THE military, which now refers to itself as ‘the institution’, has helped build a simplified narrative to justify its constant intervention in political matters as well as to explain Pakistan’s myriad problems. According to this narrative, civilian politicians are incompetent and corrupt, which is the only reason the military needs to periodically intervene to set things right. There is no explanation for how politicians would ever learn the art of governance if they are to be constantly corrected by unelected generals and judges.
Another part of ‘the narrative’ is the notion that Pakistan’s dysfunction and periodic economic crises are the result of the massive corruption by civilians. Imran Khan and his supporters have been advancing that simplified narrative. Their message finds resonance with those who want to believe that once kickbacks on large projects and their corrupt practices are eliminated, Pakistan would somehow become the land of milk and honey.
There is, of course, no justification or excuse for corruption but Pakistan has been ill-served with the ‘corruption is the only problem’ over-simplification. Since at least 1990, it has become an excuse to gloss over more significant policy issues that hold Pakistan back. Corruption has been exposed in many countries, from Iceland to China but none of them is as dysfunctional as Pakistan.
Limiting national discourse to a discussion of corruption makes it impossible for Pakistanis to discuss how jihadi ideology and religious extremism are leading to Pakistan’s isolation. Similarly, Pakistan’s slow growth in exports, for example, is hardly a function of corruption. It reflects low productivity and inadequate value addition which are consequences of poor human capital development and failure to attract investment, among other factors.
Pakistan is the sixth largest country in the world in terms of population, has the sixth largest army in the world, and possesses one of the largest nuclear arsenals. Yet, it has the highest infant mortality rate; more than one-third of its children between the age of 5 and 15 are out of school. The country’s GDP on a nominal basis ranks 40 out of nearly 200 countries while its GDP per capita stands at 158 out of 216 countries and territories, according to World Bank data.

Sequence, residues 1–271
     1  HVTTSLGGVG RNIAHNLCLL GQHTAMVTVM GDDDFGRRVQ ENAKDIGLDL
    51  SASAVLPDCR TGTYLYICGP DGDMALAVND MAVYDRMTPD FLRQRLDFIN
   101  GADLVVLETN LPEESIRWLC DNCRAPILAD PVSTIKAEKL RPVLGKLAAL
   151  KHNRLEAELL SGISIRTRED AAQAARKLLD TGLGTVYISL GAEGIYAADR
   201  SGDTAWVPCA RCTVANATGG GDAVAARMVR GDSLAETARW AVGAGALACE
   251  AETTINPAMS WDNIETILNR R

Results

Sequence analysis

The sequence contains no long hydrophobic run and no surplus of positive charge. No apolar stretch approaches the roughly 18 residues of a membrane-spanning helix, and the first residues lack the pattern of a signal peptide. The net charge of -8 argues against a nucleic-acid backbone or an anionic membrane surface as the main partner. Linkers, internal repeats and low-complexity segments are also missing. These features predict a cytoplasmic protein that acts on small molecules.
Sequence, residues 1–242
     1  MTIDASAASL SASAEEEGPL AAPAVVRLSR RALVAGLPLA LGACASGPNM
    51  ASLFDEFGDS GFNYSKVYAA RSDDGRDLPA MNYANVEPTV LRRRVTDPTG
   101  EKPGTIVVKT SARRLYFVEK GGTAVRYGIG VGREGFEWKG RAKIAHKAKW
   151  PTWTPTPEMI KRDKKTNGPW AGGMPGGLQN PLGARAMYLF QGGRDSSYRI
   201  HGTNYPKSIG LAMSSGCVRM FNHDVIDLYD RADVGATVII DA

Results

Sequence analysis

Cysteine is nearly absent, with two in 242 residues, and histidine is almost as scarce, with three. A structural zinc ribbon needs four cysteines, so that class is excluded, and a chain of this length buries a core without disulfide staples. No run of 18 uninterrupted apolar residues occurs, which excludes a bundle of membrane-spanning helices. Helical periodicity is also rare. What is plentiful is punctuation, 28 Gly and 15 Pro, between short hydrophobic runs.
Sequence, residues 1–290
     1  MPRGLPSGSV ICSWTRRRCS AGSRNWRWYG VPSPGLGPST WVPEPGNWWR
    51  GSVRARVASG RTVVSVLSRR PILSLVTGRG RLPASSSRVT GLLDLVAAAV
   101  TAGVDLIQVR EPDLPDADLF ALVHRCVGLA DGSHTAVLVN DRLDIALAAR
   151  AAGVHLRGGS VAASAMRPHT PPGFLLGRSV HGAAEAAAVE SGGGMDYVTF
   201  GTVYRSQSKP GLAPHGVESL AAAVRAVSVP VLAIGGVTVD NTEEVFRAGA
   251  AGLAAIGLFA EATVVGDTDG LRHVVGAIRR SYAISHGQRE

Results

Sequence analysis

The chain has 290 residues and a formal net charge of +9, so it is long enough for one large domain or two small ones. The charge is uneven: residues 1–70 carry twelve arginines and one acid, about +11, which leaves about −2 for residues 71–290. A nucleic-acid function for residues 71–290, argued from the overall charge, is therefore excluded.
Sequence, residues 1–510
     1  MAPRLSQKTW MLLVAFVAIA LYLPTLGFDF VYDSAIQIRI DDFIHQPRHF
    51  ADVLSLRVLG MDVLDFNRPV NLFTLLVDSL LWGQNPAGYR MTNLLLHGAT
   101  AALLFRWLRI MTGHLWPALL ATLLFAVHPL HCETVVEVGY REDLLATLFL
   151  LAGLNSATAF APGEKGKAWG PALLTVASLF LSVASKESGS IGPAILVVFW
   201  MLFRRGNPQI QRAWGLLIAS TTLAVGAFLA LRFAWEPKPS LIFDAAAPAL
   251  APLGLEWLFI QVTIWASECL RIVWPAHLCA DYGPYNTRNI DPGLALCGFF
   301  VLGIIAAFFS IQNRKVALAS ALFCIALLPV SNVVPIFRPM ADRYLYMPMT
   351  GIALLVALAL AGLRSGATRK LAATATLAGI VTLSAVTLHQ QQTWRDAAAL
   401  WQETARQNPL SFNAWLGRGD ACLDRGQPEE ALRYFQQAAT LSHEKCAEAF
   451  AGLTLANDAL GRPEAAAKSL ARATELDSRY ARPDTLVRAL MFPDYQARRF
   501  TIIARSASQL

None of these facts, however, has found any mention in the election campaign of any Pakistani political party. Although Sharif’s Pakistan Muslim League (PML-N) and Bilawal Bhutto Zardari’s Pakistan Peoples Party (PPP) have at least cared to publish detailed manifestos, Imran Khan’s Pakistan Tehreek-e-Insaf (PTI) published its manifesto on Monday, July 9, less than 20 days before the election. The party feels it only needs Mr. Khan’s charisma and the outrage against corruption or enemies of Pakistan to claim voters’ loyalty.
THE anti-corruption enthusiasm has sometimes added to Pakistan’s economic woes. Pakistan is currently burdened with compensation payments running into billions that must be made to foreign companies whose contracts were cancelled as part of investigations into corruption of officials involved in awarding those contracts. But fighting corruption is a useful slogan if the deep state wants to avoid fighting all jihadis and does not wish to acknowledge the flaws of its national narrative.
It is ironic that Sharif faces jail ahead of an election that opinion polls indicate his party would win, if voting was free and fair, even as a long list of internationally designated terrorists is free to seek votes. That contradiction is at the heart of why the outcome of the elections is unlikely to change any of the fundamentals of the Pakistan crisis. If the PML-N overcomes all odds and still manages to win, the corruption cases will continue to cast their shadow. If someone like Imran Khan wins with the help of invisible hands, he would start his term under a different cloud.
Pakistan will, unfortunately, not emerge stronger after an election whose winner lacks credibility and whose loser is likely to initiate confrontation with the winner right after polling day.
TheHindu.com, July 11. Husain Haqqani, director for South and Central Asia at the Hudson Institute, Washington DC, was Pakistan’s ambassador to the US in 2008–11. His latest book is Reimagining Pakistan.